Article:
Celebrating Girls and all they can be

Spring 2011

American Girl E-News

In this issue, enjoy a behind-the-scenes look at the development of Kanani™, our 2011 Girl of the Year®.

Meet Kanani, Girl of the Year 2011

Every January, American Girl introduces a new Girl of the Year, a contemporary character who reflects girls’ present-day interests, activities, and concerns. The 2011 Girl of the Year is Kanani Akina, who lives on the Hawaiian island of Kaua‘i. Kanani (kuh-NAH-nee) means “the beautiful one” in Hawaiian.

The first step in creating a new Girl of the Year is to survey our most important audience—girls. In response, our girls told us that their top issue is helping people and animals, and their strongest interests are animal rescue, beach sports, and dance. While it’s not always possible to combine girls’ top interests and issues into one character’s story, in the case of Kanani, these themes all came together.

Capturing the aloha spirit

Famous for its beautiful beaches, surfing, and hula dancing, Hawai‘i is unique for its aloha spirit—a sense of good will, community, and mutual caring. “The aloha spirit perfectly expresses girls’ natural desire to help others,” says executive editor Jennifer Hirsch, who used to live in Hawai‘i. In her stories, Kanani loves helping customers at her family’s store, Akina’s Shave Ice and Sweet Treats. When she finds a rare Hawaiian monk seal pup caught in a net, Kanani takes initiative not only to rescue the seal but also to raise money for protection of these endangered animals. And when Kanani discovers that some of the older folks in her community could use some help, she provides assistance in unexpected and creative ways.

Creating Kanani

Author Lisa Yee, who lives in Los Angeles, says she visits Hawai‘i “as often as possible.” To write Kanani’s stories, she spent a week there doing everything Kanani does. She visited beaches and local hangouts to soak up island culture, took surfing and paddleboarding lessons, went snorkeling, watched wild seals, attended a lu‘au, and ate lots of shave ice. Lisa laughs that it was “sometimes six cones a day, all in the name of research—it was an arduous trip!”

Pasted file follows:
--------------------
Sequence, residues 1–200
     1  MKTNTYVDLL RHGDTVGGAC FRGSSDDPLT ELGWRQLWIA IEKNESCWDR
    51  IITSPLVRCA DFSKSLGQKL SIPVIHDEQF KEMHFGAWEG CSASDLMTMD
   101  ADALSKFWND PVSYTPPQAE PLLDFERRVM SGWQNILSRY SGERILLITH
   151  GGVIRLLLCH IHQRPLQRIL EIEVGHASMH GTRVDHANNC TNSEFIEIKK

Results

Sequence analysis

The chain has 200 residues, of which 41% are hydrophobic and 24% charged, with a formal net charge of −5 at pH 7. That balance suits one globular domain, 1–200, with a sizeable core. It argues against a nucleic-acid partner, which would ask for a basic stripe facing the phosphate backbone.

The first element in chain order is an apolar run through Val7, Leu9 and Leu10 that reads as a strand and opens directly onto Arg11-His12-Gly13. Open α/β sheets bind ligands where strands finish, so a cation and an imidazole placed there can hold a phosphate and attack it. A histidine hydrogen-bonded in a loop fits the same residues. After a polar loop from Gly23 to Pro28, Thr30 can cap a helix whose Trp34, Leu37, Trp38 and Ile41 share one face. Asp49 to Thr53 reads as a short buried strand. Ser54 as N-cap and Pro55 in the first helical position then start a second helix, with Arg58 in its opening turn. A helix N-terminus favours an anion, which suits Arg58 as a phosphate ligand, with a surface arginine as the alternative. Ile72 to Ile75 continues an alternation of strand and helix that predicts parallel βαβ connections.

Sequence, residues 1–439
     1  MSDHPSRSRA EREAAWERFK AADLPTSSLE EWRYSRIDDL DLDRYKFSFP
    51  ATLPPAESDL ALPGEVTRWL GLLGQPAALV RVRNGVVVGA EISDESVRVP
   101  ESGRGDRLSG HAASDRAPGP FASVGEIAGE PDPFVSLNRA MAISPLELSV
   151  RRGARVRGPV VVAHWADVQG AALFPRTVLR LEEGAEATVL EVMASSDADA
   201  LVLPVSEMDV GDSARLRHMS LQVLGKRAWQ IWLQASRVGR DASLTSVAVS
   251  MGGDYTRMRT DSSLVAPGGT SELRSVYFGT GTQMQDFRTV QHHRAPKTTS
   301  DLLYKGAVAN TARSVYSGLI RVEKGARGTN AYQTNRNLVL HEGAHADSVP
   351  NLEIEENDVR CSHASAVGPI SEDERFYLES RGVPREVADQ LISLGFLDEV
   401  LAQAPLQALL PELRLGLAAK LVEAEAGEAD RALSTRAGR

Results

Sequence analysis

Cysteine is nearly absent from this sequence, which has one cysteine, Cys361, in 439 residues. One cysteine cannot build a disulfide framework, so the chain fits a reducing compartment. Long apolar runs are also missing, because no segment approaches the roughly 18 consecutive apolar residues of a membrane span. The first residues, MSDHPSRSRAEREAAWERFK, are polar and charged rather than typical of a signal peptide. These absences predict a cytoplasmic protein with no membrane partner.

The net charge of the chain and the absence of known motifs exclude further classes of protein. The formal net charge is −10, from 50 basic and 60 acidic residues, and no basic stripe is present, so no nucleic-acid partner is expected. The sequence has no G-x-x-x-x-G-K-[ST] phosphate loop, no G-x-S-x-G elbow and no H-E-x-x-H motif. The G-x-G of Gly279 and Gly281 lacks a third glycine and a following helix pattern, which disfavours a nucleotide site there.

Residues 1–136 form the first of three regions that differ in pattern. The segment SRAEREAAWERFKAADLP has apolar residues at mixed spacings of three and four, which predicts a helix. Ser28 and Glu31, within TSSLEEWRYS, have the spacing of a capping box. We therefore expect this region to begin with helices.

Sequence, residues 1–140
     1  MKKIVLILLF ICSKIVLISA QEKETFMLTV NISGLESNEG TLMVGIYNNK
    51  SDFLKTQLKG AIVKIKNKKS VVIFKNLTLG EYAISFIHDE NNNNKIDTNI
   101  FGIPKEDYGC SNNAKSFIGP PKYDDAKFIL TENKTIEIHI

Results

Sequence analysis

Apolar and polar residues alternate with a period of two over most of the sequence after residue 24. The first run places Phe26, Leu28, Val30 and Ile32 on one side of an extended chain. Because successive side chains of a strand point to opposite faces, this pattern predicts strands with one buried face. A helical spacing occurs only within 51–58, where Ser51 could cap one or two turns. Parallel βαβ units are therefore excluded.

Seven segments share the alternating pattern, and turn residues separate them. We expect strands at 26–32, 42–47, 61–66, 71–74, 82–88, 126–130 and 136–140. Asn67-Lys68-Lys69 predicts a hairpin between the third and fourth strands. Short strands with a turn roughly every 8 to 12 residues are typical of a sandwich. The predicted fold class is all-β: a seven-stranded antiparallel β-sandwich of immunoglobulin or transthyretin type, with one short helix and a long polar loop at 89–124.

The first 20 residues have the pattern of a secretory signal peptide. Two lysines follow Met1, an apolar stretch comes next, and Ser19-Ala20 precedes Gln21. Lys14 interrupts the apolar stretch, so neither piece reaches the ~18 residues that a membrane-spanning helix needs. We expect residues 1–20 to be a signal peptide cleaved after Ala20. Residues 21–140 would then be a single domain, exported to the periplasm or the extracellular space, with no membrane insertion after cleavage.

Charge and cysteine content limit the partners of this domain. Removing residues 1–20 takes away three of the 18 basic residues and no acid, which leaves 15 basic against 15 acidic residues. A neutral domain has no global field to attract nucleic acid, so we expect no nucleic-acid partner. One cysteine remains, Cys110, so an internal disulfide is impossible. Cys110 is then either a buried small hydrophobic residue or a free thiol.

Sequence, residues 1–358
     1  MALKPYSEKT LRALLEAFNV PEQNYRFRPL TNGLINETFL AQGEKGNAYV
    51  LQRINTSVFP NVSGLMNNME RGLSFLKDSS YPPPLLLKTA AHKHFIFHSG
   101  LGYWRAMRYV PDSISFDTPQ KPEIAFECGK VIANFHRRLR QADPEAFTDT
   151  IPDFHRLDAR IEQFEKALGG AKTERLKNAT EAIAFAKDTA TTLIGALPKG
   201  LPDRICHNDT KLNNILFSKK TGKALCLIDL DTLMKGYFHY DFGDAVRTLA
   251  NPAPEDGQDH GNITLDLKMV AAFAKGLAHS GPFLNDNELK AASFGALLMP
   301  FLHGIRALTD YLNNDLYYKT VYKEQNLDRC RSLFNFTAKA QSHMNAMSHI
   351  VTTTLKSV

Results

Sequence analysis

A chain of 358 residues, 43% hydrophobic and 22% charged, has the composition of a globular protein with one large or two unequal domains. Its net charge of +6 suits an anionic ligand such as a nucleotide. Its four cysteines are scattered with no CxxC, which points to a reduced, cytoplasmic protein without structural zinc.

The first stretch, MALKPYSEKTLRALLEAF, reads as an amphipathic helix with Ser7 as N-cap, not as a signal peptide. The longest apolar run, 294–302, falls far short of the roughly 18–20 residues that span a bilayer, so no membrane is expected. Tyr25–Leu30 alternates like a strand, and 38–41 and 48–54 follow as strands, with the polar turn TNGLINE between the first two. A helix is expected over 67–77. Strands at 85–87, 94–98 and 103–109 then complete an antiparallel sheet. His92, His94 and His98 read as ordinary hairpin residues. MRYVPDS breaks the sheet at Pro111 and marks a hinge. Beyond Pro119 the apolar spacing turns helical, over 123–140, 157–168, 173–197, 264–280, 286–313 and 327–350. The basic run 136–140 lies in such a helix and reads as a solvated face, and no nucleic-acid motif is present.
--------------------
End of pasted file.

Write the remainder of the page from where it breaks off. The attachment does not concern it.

What started with a simple drawing, came to life as part of her world!

For the team at American Girl headquarters in Middleton, Wisconsin, it was a treat to enter a tropical state of mind in the midst of a snowy Midwestern winter as they created Kanani’s illustrations, clothing, accessories, and the doll itself. “The Hawaiian setting was incredibly rich with creative inspiration,” says Megan Boswell, director of Design and Development. “Colors were carefully selected to give the sense of the magical and vibrantly colorful environment of Kaua‘i. Prints and patterns on her outfits and accessories reflect the unique cultural graphic designs of Hawai‘i,” which include the classic tropical floral prints as well as Asian influences.

The doll’s look was also influenced by the mixed racial heritage typical of families in Hawai‘i, where every race is a minority and most families are multi-ethnic. Kanani herself has a blend of Polynesian, Caucasian, and Asian features, just like most Hawaiians. Megan adds, “Kanani is a uniquely beautiful doll that we feel proud of—not just for her physical beauty, but also for the beauty of the Hawaiian culture that she represents. All of our products were reviewed by cultural experts from Hawai‘i for accuracy and authenticity. We wanted to be sure we were getting it right!”

Kanani, from sketch to illustration

Also seeking to get it right was illustrator Sarah Davis, who lives in Australia. She visited a hula school near Sydney to find young models for Kanani and her friends. First she prepared sketches showing her plans for the illustrations. Once models were chosen, she photographed the models in the poses she needed and then revised the sketches to show the characters in place. Last, she added color using paint and digital techniques. When the finished art arrived at American Girl, there were “oohs” and “ahhs” of delight at the rich colors, lush settings, and charming characters that Sarah had created to bring Kanani and her world to life.

Executive editor Jennifer Hirsch adds, “The collective teamwork and international collaboration involved in creating Kanani gives American Girl a wonderful opportunity to share the unique and cherished aloha spirit of Hawai‘i with our customers—and also gave the team a chance to experience the aloha spirit firsthand in the process.”

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